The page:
Refugee Issues

Decades of Displacing Palestinians: How Israel Does It

Al-Shabaka Policy Brief

Overview

Most discussion of Palestinian dispossession – including by Palestinians themselves – focuses on the 1948 Nakba and the forced exile of more than 700,000 Palestinians by Zionist forces intent on creating an Israeli state in mandate Palestine. However, the various measures that Israel has used to forcibly displace Palestinians since 1948 have received far less attention even though it is estimated that it has forcibly displaced 66% of the whole Palestinian population as part of its deliberate, longstanding plan to create and maintain a Jewish majority.

Al-Shabaka Policy Advisor Munir Nuseibah has identified six of the methods Israel uses to displace Palestinians, and discusses two – displacement by personal status engineering as well as by urban planning. He argues that the traditional human rights approach to the conflict is not enough. Rather, he calls on human rights advocates and organizations to apply the more recently developed transitional justice approach to deal with the mass human rights violations carried out as a matter of policy, as this is the only way toward meaningful redress and just peace.

The Missing Context for Claiming Rights

As shown in archival research conducted by the Israeli new historians, senior leaders of the Zionist movement have long advocated the “transfer” of Palestinians in order to secure a Jewish majority in an area of land where Jews were the minority. The founders of the State of Israel and their heirs translated these calls into policy and practice using a variety of methods that continue to the present day.1 Yet Israel’s motives and the systematic nature of population transfer have not been addressed. For example, the 1993 Declaration of Principles between Israel and the Palestine Liberation Organization, which makes reference to “refugees” as one of the issues for permanent status negotiations, makes no mention of thousands of other displaced victims eligible for redress. (Needless to say, the rights of the refugees have not been addressed nor have any remedies been offered.)

It is common, in the rights-based approach literature to focus on war refugees separately from other waves of displacement. In the Palestinian context, however, it is vital to situate war refugees within the macro-picture of the conflict. As Raef Zreik notes, “the Palestinians have lost not only their rights and their land, but also the context that enables them to demand these rights in a way that makes sense.”2 The Palestinian refugees of 1947-48 and 1967 cannot “just” be seen as war refugees. They are victims of a racist policy of population transfer implemented under the cover of war and other sets of victims have been created in line with the same macro-policy.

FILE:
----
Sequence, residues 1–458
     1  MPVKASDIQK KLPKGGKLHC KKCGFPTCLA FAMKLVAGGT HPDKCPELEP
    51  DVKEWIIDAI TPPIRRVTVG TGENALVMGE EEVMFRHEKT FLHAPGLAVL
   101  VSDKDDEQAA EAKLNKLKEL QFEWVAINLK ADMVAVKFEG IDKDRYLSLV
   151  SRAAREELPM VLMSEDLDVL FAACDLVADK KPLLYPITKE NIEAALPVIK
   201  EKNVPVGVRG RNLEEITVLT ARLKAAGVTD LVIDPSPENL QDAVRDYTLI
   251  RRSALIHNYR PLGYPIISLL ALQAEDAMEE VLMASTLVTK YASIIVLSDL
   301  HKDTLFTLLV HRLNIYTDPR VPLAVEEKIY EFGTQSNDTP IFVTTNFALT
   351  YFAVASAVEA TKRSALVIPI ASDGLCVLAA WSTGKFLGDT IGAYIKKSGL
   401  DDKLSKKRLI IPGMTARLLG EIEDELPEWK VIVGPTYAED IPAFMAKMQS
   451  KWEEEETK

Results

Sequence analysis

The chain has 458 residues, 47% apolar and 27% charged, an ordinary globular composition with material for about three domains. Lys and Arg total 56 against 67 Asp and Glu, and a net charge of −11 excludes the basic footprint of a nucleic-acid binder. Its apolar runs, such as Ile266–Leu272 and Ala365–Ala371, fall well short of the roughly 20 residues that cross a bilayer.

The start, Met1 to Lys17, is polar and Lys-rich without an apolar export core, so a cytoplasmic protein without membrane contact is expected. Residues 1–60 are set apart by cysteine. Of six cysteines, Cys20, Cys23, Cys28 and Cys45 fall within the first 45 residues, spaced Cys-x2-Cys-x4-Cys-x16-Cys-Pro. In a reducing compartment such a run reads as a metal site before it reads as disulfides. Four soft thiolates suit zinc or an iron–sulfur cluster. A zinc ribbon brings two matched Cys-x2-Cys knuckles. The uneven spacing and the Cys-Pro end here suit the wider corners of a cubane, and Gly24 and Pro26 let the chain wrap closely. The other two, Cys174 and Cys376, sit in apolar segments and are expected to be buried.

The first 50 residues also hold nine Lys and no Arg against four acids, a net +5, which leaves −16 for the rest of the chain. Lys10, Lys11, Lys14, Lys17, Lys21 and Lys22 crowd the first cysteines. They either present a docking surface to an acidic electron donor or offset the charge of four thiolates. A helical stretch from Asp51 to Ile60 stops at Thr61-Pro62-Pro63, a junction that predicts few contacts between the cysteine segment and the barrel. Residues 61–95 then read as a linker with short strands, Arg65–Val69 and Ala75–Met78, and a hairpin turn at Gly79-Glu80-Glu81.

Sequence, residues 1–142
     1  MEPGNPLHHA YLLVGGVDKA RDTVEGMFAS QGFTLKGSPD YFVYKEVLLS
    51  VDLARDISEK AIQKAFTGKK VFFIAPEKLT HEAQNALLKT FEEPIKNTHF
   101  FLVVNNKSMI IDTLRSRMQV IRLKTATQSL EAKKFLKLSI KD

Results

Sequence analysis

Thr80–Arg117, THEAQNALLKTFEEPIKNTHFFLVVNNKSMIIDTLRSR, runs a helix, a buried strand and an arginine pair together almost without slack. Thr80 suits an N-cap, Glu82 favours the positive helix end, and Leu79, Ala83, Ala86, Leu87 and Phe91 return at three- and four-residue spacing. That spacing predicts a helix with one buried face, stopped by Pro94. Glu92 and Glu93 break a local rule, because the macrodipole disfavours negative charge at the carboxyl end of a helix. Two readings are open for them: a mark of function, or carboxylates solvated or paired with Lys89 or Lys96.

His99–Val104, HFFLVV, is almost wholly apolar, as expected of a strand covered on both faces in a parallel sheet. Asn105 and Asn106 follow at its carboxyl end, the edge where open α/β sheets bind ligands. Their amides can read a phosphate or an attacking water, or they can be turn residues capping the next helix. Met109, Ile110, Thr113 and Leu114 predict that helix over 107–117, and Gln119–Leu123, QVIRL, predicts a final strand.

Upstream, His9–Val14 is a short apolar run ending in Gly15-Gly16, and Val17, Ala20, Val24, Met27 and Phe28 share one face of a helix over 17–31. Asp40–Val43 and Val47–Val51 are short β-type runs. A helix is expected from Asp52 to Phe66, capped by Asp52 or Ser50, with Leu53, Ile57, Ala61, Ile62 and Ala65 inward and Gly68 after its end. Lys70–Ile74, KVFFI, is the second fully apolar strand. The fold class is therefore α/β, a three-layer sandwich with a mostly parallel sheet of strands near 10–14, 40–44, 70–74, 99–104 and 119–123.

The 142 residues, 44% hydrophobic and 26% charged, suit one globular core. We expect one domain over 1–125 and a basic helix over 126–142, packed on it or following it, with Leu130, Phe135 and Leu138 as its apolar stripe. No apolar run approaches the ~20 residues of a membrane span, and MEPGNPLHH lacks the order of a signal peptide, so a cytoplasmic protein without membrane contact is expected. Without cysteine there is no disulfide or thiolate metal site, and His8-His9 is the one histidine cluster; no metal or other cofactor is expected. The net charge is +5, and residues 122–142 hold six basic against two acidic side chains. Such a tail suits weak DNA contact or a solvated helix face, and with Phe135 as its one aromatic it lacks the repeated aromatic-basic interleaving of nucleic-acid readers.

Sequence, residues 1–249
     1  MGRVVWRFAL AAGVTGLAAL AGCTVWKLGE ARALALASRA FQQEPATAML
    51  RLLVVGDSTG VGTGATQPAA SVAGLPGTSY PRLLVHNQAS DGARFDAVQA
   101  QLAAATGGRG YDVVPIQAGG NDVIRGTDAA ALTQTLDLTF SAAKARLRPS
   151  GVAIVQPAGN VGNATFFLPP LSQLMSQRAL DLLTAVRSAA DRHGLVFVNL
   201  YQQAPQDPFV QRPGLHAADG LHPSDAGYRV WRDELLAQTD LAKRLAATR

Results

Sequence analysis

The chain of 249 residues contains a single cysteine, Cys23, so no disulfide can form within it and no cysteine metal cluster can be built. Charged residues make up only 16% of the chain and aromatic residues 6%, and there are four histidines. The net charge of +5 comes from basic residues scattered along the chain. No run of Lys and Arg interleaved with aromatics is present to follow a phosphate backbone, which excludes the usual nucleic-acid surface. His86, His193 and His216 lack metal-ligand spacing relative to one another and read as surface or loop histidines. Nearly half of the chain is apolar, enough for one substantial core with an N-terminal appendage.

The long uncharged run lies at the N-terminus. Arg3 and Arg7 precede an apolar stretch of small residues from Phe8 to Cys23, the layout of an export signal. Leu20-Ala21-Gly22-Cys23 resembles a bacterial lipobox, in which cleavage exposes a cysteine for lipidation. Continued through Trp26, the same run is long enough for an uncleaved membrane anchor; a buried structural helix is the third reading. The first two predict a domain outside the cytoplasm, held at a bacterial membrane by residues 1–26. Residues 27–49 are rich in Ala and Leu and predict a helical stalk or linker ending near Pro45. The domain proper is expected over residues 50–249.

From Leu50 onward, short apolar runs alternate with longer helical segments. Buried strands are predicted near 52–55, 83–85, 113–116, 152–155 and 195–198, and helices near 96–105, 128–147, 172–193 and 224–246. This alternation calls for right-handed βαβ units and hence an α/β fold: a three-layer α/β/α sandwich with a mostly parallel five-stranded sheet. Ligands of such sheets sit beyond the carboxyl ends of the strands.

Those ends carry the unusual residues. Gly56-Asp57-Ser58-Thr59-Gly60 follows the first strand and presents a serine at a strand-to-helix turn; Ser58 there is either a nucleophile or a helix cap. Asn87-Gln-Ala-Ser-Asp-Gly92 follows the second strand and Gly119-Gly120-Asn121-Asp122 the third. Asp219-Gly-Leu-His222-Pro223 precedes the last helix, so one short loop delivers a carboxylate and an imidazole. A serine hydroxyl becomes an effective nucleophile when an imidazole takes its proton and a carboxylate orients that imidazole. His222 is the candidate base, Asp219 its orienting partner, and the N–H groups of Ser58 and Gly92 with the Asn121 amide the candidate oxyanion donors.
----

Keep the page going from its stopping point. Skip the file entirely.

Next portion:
The application of a transitional justice framework to the Palestinian-Israeli context can address the missing context Zreik identifies. The transitional justice framework has now been used in other conflicts but it has been not sufficiently studied in the case of Palestine, even though it offers a way to comprehensively redress the victims of gross human rights violations, as will be discussed in the final section of this policy brief.

Israel’s Six Methods of Forcible Displacement

Israel has utilized its legal system and institutions from the day it was established to this day in order to inflict forced displacement within the Occupied Palestinian Territory (OPT) as well as within Israel. Its methods can be divided into at least six general categories and have led to permanent displacement of Palestinians from both sides of the Green Line.

  1. The use of violence during times of war as happened during the wars of 1948, 1956 and 1967, which created one of the most complicated refugee problems in the world as well as a significant number of internally displaced persons.
  2. Engineering of personal statuses in Israel and the OPT in a way that excludes habitual residents, or persons who should be entitled to residency rights, from the right to live in their homes.
  3. Discriminatory urban and country planning that encourages Jewish expansion and suppresses Palestinian construction in certain areas such as Jerusalem, the Jordan Valley and the Negev desert. As a result, homes and even whole villages are demolished as “illegal constructions.”
  4. Dispossessing Palestinians of their property under discriminatory laws and regulations that result in the forced eviction of families from their places of residence.
  5. Deportations under security justifications and emergency law. This method was extensively used in the OPT at the start of the occupation and is still being used from time to time.
  6. Creating unbearable circumstances in certain areas that eventually drive the civilian population to leave their homes and move to other areas. Examples of this pattern include Sheikh Sa’ad village in Jerusalem and Al-Nu’man village in the West Bank where both communities were suffocated by the construction of the Separation Wall.